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Rural Banks Lend Hand to Farmers

China Daily, December 7, 2011 Adjust font size:

A good start

The first bank under the flag of BFCB, set in Qichun, farmer Hu's county, opened in March and registered a profit in August, 13 months earlier than expected. It provided nearly 25.4 million yuan in loans at interest rates averaging 40 percent higher than the benchmark lending rates, which is now 6.56 percent.

Sichuan-based Dayi Bocom Xingmin Rural Bank is the first rural bank in China with a controlling State-owned shareholder, Bank of Communications. It realized a profit of more than 5 million yuan in 2010, two years after its establishment in September 2008.

And the rural bank opened by Australia and New Zealand Banking Group (ANZ) in Chongqing in 2009 moved into the black in the second half of this year, said Gilles Plante, ANZ China chairman and ANZ CEO for Northeast Asia, Europe and America.

The competition

Tightening monetary policies have also helped the development of rural banking, said Xu of BFCB. "Since larger banks are lending less, clients are now turning to smaller banks."

Even so, more than one-third of the rural banks in China operate at a loss, a commission official said. However, by the end of 2010, nearly 70 percent of the new rural financial institutions realized a profit, said Yin Youxiang, a regulator with the commission.

"Emerging rural financial institutions such as rural banks are just in their take-off phase and only play a role in activating the local market, judging by the current situation," said Mao Hongjun, deputy director of the commission's cooperative finance supervision department. "Despite the rapid growth, they are still too weak to compete with rural credit cooperatives, which dominate the rural market at present."

Outstanding loans at rural banks in Shandong stand at about 8 billion yuan, compared with more than 580 billion yuan lent by local rural credit cooperatives, she said.

But the cooperatives are feeling the competition as rural banks and lending companies head for the underdeveloped regions.

In towns across Shandong, where rural banks compete most directly with rural credit cooperatives, the latter's market share is about 20 percent. That compares with the 50-60 percent market share in remote villages, said Song Wenxuan, director of the Shandong Rural Credit Union.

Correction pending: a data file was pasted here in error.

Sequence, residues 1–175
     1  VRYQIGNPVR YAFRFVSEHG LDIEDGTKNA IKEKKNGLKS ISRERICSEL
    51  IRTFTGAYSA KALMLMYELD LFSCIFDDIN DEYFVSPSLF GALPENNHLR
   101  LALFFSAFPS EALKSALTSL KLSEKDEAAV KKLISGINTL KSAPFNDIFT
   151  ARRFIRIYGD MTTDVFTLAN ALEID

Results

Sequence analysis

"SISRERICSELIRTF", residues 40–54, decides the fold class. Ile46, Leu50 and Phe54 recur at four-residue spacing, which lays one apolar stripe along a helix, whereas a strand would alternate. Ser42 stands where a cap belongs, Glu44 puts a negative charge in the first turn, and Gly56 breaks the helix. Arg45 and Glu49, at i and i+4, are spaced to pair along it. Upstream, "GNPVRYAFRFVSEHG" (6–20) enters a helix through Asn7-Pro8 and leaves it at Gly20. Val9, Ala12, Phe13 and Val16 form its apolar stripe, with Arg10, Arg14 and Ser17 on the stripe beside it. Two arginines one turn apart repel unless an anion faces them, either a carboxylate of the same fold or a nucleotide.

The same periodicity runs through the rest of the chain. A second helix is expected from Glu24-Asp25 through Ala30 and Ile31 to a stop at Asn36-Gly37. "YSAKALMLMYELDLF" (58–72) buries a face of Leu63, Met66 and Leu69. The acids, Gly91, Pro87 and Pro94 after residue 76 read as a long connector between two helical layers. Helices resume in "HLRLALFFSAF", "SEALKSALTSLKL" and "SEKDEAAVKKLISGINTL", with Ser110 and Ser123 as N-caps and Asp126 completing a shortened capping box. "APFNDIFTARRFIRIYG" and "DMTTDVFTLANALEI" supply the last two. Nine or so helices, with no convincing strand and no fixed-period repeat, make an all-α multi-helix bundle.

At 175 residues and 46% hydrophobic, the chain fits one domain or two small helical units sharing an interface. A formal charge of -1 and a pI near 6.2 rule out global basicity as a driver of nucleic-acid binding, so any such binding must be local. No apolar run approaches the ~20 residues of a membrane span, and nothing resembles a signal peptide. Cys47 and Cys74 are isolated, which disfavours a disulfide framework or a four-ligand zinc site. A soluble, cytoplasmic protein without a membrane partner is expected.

Foreign interest

Andrew Au, CEO of Citigroup China and chairman of Citibank (China), said access to credit is the most pressing financial need in many parts of China that are underserved by financial institutions. Financial services for deposits in those areas are already very mature.

Unlike its foreign counterparts, such as HSBC Bank and Standard Chartered, Citi China chose to be a lending company. It inaugurated its fourth lending company in a district adjacent to rural areas of Chong-qing in September.

In contrast to rural banks, lending companies in China do not take deposits although they do lend to individuals.

"It is still too early to make a judgment on which model is the best for the market," Au said.

Foreign banks have extended their rural networks in China, although more cautiously than some Chinese counterparts, since 2006. That's when the banking regulatory commission published guidelines to encourage banks to set up financial institutions in underdeveloped areas.

HSBC has set up 17 village banks across the country. Standard Chartered Bank has one, in Inner Mongolia, and ANZ has one, in Chongqing's Liangping county.

Additional risks

Ye Yunyan, a banking analyst at China Galaxy Securities, said the most important factor for financial institutions in rural areas is risk control. They must deal with financial demand that is much more scattered and irregular than in urban areas, with lack of collateral and with higher maintenance costs.

Some basic external operating systems are still not available in rural markets, which affects daily operation and management of rural banks, said a Chongqing banking regulator who declined to be named.

And most rural banks lack easy access to the central bank's settlement system. "That severely restricts their operations, especially in absorbing deposits," the official said.

Seeing the potential

Still, some lenders are optimistic. "The rural market in China is not necessarily high- risk," Citi's Au said. "I think it is a market with reasonable risk and reasonable return, based on our experience."

"China's rural communities are developing into larger towns, which presents huge growth potential and business opportunities," said Dang Pengjun, deputy head of strategic development at Bank of China. He said the bank aims to establish 400 rural banks nationwide in the next five years.

Rural banks play a very important role in financially supporting small and medium-sized enterprises (SMEs) and should be encouraged, said Zhou Dewen, chairman of the Wenzhou SMEs Development Association.

But the biggest obstacle to their rapid development, he said, still lies in that fact that private capital cannot initiate a rural bank directly.

"It's time to remove the threshold for private capital and implement some tax cut or subsidies for rural banks to let them better serve agriculture and SMEs without over-tight restrictions."


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